You will be happiest with a piano.
-- Anita (firstname.lastname@example.org), August 25, 2003.
There is also no maintenance (tuning, for example) with a digital. And there is a great range in the price of them, so there will be something for anyone's budget. And, as far as power outages, well, you can use batteries, and I'm sure resourceful people could even power them with solar or wind power, as you could with other appliances. You can get different sounds without purchasing a whole bunch of different instruments.
An acoustic piano, properly maintained is great if you can afford it.
I think a lot has to to with how much and what kind of playing you do. If you are a serious classical student, I'd get an acoustic piano. If you play mostly pop music for your own enjoyment, a digital will serve you well.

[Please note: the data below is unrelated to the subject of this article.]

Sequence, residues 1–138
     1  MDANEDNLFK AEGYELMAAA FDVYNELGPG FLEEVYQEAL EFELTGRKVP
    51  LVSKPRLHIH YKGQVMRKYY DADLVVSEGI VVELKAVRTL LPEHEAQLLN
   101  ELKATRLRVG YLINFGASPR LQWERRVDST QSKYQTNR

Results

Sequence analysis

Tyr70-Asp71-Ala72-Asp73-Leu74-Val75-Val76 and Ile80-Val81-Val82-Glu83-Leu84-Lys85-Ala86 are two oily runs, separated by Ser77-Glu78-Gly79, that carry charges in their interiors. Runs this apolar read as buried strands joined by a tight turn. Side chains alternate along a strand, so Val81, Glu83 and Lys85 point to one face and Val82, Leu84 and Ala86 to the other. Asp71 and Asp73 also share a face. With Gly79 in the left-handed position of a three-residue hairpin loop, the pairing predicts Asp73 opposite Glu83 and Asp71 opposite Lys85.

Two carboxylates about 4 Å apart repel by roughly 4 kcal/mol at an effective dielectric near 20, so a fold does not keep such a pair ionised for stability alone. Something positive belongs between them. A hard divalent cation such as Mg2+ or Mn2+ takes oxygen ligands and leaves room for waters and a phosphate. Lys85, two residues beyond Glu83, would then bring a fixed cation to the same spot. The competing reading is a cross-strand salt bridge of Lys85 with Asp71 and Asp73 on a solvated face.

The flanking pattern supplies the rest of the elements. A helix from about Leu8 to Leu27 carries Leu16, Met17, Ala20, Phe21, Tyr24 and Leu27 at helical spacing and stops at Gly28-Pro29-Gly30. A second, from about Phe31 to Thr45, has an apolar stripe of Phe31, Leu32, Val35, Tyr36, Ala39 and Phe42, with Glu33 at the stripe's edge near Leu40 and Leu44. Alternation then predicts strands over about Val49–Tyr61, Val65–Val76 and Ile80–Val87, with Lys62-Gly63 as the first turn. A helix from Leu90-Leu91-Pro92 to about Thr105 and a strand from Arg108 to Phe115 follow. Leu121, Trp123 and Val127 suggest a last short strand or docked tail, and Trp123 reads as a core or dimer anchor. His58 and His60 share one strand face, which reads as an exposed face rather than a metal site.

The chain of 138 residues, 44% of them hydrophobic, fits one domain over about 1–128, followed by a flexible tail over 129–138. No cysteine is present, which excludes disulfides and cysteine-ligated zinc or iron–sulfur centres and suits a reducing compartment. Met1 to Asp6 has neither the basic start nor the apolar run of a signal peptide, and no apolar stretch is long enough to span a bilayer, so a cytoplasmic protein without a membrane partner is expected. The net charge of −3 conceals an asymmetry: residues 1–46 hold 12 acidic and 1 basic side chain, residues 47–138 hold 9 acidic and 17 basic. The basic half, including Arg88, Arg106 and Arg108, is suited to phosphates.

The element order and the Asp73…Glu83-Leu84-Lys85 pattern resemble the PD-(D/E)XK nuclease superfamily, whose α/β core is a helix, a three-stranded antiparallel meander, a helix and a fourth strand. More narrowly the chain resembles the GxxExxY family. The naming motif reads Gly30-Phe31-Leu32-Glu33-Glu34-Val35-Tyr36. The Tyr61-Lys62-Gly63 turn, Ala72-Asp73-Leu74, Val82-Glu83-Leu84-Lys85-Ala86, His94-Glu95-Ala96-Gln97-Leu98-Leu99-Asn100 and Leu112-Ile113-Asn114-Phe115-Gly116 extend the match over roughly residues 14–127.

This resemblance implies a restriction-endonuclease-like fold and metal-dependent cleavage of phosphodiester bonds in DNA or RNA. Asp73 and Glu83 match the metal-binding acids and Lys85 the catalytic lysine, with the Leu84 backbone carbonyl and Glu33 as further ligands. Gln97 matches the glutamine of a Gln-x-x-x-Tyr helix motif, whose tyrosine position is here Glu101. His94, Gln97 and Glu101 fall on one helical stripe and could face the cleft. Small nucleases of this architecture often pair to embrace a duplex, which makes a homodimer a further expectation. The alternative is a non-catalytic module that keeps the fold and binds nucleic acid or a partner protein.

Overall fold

-- GT (email@example.com), August 25, 2003.
OK, I'm sorry. I just can't let this one go. I have a very strong opinion of this one. Digital pianos are just bad. Bad, Bad, Bad. I was playing one the other day. Granted, it was a poor one, but was supposed to have a "velocity" sensitive keyboard. That is, you are supposed to be able to control the volume of the sound by pressing faster or slower on the key. YA RIGHT!?!?!?! What a bad experience.
But, I AM SPOILED. I PLAY ON THE BEST PIANO IN THE WORLD. I PLAY ON A STEINWAY. I would never play on a digital piano, even a lower end upright acoustic would be a better choice for me.
Just my thoughts.
-- freddie (firstname.lastname@example.org), September 11, 2003.